In short, he's a f*cking crank and a phony.
But, by all means, you continue to enjoy his offal disguised as "analysis."
I didn't write the above comment.Delete
I also see he/she was at work in the previous comment box at about the same time.Delete
There is an ugly new troll in town. If you ignore him he may get bored and go away.Delete
I think your "ugly new troll" is a regular member of Bobfandom fond of dressing in troll clothing.Delete
What does that even mean?Delete
You don't have to say even. Just say "what does that mean?". First, it's a split infinitive. 2nd you are not Paris Hilton.Delete
Agreed. I long for the day when our hapless plutocrats no longer have to endure such harsh criticism.ReplyDelete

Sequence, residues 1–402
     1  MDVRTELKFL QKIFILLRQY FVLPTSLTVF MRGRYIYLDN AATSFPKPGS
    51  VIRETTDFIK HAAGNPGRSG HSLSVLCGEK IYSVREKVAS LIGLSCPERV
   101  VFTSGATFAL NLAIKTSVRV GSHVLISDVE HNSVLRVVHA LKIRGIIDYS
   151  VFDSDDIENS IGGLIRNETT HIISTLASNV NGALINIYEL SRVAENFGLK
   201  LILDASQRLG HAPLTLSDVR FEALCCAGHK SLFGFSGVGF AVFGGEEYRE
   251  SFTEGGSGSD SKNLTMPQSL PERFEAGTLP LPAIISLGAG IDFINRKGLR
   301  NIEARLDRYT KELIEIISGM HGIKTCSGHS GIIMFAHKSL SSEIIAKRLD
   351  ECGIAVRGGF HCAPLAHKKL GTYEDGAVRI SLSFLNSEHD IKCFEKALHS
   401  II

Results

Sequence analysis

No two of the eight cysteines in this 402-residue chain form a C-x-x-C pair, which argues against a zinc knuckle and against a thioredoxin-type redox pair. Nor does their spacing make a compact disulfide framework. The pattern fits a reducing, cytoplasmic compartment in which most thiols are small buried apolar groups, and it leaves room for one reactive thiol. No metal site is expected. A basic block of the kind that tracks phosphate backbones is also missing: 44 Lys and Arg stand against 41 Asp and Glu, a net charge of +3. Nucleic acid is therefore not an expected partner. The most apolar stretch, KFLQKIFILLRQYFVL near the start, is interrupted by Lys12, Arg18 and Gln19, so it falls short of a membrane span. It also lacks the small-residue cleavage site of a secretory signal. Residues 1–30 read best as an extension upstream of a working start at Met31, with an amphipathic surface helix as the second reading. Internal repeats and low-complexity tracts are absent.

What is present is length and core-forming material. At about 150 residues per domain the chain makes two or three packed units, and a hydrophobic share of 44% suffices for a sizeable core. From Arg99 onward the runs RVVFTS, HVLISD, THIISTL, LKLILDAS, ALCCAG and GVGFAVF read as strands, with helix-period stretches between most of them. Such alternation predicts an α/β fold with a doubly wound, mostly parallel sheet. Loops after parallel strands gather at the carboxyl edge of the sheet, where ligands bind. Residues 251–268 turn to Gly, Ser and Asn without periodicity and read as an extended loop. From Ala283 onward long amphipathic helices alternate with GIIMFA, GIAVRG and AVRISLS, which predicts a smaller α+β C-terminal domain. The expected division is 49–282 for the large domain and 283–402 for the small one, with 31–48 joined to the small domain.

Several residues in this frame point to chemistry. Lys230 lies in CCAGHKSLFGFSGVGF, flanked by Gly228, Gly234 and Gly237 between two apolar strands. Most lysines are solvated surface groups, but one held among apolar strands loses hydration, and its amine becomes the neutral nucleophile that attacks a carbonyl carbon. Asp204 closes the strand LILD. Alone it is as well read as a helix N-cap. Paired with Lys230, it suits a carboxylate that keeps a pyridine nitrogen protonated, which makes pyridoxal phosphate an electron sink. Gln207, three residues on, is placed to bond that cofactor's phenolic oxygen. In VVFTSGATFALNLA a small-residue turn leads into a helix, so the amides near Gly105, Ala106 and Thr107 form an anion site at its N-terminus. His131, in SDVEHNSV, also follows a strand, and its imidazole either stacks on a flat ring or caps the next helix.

Rubio had a better answer available. The 15% and 27.9% increases in income are based on a dynamic model, which I think is wishful thinking. It was to Rubio's advantage that Harwood assumed the correctness of this model. Rubio could have responded, "John.Thanks for raising that point. As you just noted, my plan will make every American a lot richer!"ReplyDelete
DinC may be correct (for once).Delete
The economy is never going to get that much better until we ignore ALL conservative policy plans.
Rubio had a better answer availableDelete
"he chose to dissemble
began to flounder and evade in a deeply embarrassing way:
continued to ignore the question Harwood had asked
he threw gorilla dust all around through his conflation of dollar amounts with percentages"
Pretty much exactly what you denied happened about a week David.
Huh? I criticized Rubio for not giving a good answer answer. I said he should have been able to explain his plan.Delete
This comment has been removed by the author.Delete
'Rubio could have responded, "John.Thanks for raising that point. As you just noted, my plan will make every American a lot richer!"'Delete